SANTIAGO (Reuters) - Chile state development agency Corfo said on Thursday it had reached a deal with the world’s top lithium miner, Albemarle Corp, to resolve a contract dispute and would not file a previously threatened arbitration lawsuit against the U.S-based producer.
The spat centered around an amendment to the contract that requires Albemarle to provide as much as 25 percent of its annual production of lithium at a discount to companies seeking to produce battery metals within Chile.
Corfo and Albemarle had disagreed on how much to discount the lithium, prompting the threat of arbitration.
Albemarle’s president of lithium, Eric Norris, said that Thursday´s deal with Corfo was “in line with what we expected our commitment on preferential pricing and terms to be.”
“The agreed upon process will have no material impact on our anticipated earnings growth, margins or other financial results,” Norris said in a statement.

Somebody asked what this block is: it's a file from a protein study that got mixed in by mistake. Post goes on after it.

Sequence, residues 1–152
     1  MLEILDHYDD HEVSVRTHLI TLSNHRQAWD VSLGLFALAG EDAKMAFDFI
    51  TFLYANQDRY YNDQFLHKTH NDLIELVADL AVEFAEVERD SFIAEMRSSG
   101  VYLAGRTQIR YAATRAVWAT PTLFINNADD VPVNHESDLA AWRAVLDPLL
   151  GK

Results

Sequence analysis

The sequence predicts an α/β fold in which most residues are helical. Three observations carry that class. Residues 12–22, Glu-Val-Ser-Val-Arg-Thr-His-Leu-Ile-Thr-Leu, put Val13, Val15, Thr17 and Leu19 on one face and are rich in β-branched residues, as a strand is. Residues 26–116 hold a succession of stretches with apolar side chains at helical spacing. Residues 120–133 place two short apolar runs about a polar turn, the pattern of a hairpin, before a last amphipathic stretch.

Albemarle operates in Chile’s Salar de Atacama, a salt flat in the country´s northern desert that supplies nearly 40 percent of the world´s lithium. Corfo, which leases mining rights in the Salar, had previously threatened to cancel its contract with Albemarle over the dispute, raising the specter of potential supply disruptions amid booming demand.
The contract amendment that requires Albemarle to provide the ultralight battery metal at a reduced price is meant to spur a value-added lithium industry in Chile.
Lithium is an important ingredient in the batteries that power cell phones, electric vehicles and other consumer goods.
In March, Corfo awarded contracts to Chile’s Molymet, China’s Sichuan Fulin Industrial Group and a joint venture between Samsung SDI Co Ltd and South Korea’s POSCO to produce battery components in Chile using the discounted lithium from Atacama, for a total investment of $754 million.
Those projects had been delayed pending resolution of the dispute between Corfo and Albemarle.
Corfo attorney Maria Elina Cruz said the new agreement would allow the three projects, which had been delayed by the contract dispute, to now move forward.
“Coming to agreement will allow us to roll out the value-added industry that was the heart of the contract,” Cruz said in a statement.
Reporting by Dave Sherwood; Editing by Grant McCool and Sandra Maler